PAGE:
At common law it is unanimously recognized that the termination of the underlying criminal proceeding in favor of the accused is an essential element of a malicious prosecution action. Donaldson v. Donaldson, 557 S.W.2d 60, 62 (Tenn.1977); see Restatement (Second) of Torts Sec. 658 (1977).
The district court stated in a footnote:
[s]uch reversal, however, is not an essential element of his Sec. 1983 cause of action and accrual of that cause is not similarly delayed. Rinehart v. Locke, 454 F.2d 313, 315 (7th Cir. 1971). Consequently, any claim under Sec. 1983 must be filed within one year from the actual date of the constitutional violation. 4A Tenn.Code Ann. Sec. 28-3-104.
Thus, it was concluded that the malicious prosecution action accrued at the time of arrest.
However, in Rinehart, it is unclear whether the 1983 claim was for malicious prosecution or false arrest. Our reading of the case indicates it was couched in terms of false arrest and thus a reversal on appeal would be immaterial. This construction of Rinehart is in harmony with the great weight of authority and this Court finds that favorable termination of the prior criminal proceeding marks the point at which a 1983 claim for malicious prosecution accrues. Singleton v. City of New York, 632 F.2d 185, 194-195 (2d Cir. 1980), cert. denied 450 U.S. 920, 101 S. Ct. 1368, 67 L. Ed. 2d 347 (1981); Morrison v. Jones, 551 F.2d 939, 940-941 (4th Cir. 1977); and Sullivan v. Choquette, 420 F.2d 674 (1st Cir. 1969), cert. denied 398 U.S. 904, 90 S. Ct. 1691, 26 L. Ed. 2d 62, reh'g denied 399 U.S. 938, 90 S. Ct. 2237, 26 L. Ed. 2d 809 (1970).8
To require this type 1983 claim to be filed prior to the final successful disposition of the underlying criminal charge would create unwarranted federal intrusion into state affairs. Such a claim does not fully accrue until the successful termination of the state criminal proceedings. Normally a conviction alone is sufficient to establish probable cause of a prosecution. We think, therefore, that the statute of limitations in question begins to run at the time of the termination of the state proceeding.
This Court, in Kurz v. State of Michigan, 548 F.2d 172, 174 (6th Cir. 1977), cert. denied 434 U.S. 972, 98 S. Ct. 526, 54 L. Ed. 2d 462 reh'g denied 434 U.S. 1089, 98 S. Ct. 1289, 55 L. Ed. 2d 796 (1978), questioned the dismissal of a 1983 malicious prosecution claim for untimeliness. The Court recognized that under state law the action accrued on the date the Michigan Supreme Court dismissed the underlying criminal action in favor of the accused. Id. at 174.9
Since Dunn filed his civil action within one year of the Tennessee Court's favorable termination of the underlying criminal proceeding, the action is not barred.
Finally, we affirm the judgment of the district court dismissing the complaint as against Sheriff Wix and Sumner County.
A local government may not be sued under 1983 for injuries caused solely by its agents under the theory of respondeat superior, unless those persons are executing the government's policies or customs. Monell v. New York City Department of Social Services, 436 U.S. 658, 691, 695, 98 S. Ct. 2018, 2036, 2038, 56 L. Ed. 2d 611 (1978). Appellant made no allegation that any deprivation of his rights resulted from the implementation of any policy or custom adopted by Sumner County.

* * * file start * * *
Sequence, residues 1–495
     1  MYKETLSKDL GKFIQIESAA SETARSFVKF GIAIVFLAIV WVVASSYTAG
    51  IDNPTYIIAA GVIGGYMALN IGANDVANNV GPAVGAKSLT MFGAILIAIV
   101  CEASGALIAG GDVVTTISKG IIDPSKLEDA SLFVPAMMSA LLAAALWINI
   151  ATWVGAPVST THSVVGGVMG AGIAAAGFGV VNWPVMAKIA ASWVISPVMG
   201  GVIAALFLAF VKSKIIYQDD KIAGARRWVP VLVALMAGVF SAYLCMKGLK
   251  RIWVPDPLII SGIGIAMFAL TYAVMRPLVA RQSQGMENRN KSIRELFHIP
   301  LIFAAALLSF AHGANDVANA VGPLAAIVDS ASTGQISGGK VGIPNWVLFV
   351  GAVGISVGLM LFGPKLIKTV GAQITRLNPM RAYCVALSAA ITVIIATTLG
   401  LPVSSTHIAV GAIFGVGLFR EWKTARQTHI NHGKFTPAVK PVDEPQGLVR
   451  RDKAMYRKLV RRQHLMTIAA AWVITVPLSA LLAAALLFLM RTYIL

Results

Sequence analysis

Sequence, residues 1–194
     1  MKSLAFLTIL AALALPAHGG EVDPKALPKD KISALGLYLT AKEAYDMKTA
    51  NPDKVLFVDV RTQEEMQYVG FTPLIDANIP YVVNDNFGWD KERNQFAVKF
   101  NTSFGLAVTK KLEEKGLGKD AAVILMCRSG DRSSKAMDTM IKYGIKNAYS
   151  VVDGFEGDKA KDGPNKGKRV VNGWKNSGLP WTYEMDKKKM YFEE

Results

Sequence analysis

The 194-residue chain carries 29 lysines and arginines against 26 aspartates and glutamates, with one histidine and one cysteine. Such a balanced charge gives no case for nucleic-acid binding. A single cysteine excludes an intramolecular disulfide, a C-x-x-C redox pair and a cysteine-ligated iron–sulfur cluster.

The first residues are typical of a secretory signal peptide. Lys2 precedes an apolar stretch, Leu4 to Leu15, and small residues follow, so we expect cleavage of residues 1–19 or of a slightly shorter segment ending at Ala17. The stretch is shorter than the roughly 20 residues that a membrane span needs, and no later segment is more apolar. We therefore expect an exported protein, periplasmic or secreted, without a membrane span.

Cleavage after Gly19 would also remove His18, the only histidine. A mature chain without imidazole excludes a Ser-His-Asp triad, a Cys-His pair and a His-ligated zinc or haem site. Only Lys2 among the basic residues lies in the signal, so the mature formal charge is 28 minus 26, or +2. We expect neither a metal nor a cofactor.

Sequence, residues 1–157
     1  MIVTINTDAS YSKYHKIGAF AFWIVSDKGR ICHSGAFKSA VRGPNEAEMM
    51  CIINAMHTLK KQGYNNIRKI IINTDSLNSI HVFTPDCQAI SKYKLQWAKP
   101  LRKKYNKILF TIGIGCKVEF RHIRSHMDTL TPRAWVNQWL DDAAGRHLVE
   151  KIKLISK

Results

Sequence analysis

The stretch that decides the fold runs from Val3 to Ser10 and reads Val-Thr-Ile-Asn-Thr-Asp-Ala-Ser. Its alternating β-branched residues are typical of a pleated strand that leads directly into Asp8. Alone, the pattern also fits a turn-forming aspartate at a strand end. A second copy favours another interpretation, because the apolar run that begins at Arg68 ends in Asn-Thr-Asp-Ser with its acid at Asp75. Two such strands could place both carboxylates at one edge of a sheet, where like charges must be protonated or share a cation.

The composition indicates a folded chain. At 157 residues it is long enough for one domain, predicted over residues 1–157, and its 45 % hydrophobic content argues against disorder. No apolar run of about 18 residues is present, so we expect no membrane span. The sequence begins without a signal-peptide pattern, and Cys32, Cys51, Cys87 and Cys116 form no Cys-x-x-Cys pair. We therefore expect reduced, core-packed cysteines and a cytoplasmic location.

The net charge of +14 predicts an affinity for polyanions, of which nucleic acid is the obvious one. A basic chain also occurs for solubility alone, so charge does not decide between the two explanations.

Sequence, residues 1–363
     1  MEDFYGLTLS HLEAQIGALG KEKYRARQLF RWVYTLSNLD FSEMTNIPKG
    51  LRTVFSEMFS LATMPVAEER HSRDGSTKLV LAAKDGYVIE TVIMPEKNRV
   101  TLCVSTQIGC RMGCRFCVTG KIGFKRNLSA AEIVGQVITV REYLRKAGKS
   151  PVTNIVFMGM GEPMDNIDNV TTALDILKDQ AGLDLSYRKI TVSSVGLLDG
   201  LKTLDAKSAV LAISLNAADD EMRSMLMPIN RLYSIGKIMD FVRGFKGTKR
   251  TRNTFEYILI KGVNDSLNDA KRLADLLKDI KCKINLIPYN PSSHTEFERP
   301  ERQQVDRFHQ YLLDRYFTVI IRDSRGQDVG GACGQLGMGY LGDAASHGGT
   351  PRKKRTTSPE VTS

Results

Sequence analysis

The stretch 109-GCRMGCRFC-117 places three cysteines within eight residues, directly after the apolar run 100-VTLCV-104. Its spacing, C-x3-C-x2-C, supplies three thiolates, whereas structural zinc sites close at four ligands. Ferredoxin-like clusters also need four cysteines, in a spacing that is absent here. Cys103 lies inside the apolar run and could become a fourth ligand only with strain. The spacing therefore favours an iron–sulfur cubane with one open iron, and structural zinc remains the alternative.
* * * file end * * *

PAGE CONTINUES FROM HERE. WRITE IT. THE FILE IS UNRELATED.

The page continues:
Appellant concedes that Sheriff Wix is not a proper defendant on the theory of respondeat superior. Monell v. New York Department of Social Services, 436 U.S. at 694, 98 S. Ct. at 2037, 56 L. Ed. 2d 611; Wilson v. Beebe, 612 F.2d 275, 275-276 (6th Cir. 1980). The United States Supreme Court has held that a 1983 action cannot lie against a police supervisor for failure to prevent police misconduct, absent a showing of direct responsibility for that improper action. See Rizzo v. Goode, 423 U.S. 362, 373-377, 96 S. Ct. 598, 605-607, 46 L. Ed. 2d 561 (1976). What is required is a causal connection between the misconduct complained of and the official sued. There is no such allegation with respect to Sheriff Wix.
Officers Wyllie and Hight are the two individuals who are alleged to have actively caused the events plaintiff charges violated his civil rights. Allegations that these two officers were personally involved in the incident, absent a recognized immunity, establish them as proper defendants to this action. Baskin v. Parker, 602 F.2d 1205, 1208 (5th Cir. 1979).
Accordingly, the judgment of the United States District Court for the Middle District of Tennessee dismissing the 1983 action of Edward Lee Dunn against David Wyllie and Phillip Hight is REVERSED. In compliance with this opinion the Appellant shall be afforded an opportunity to amend his complaint. The judgment of the district court dismissing the complaint against Sumner County and Mayo Wix is AFFIRMED. The judgment of the district court dismissing the 1985 claim by Dunn against all the Appellees is AFFIRMED.
No costs shall be awarded. Each party shall pay their own costs on appeal.
The Honorable Edward H. Johnstone, Judge, United States District Court for the Western District of Kentucky, sitting by designation
The Tennessee Criminal Appeals Court opinion, rendered in Dunn's state criminal appeal, specifically stated that "... the record is wholly devoid of any evidence of threats, force, or threatening behavior on Mr. Dunn's, or even the kind of harsh language that one might expect under the circumstances." This opinion was made a part of Dunn's complaint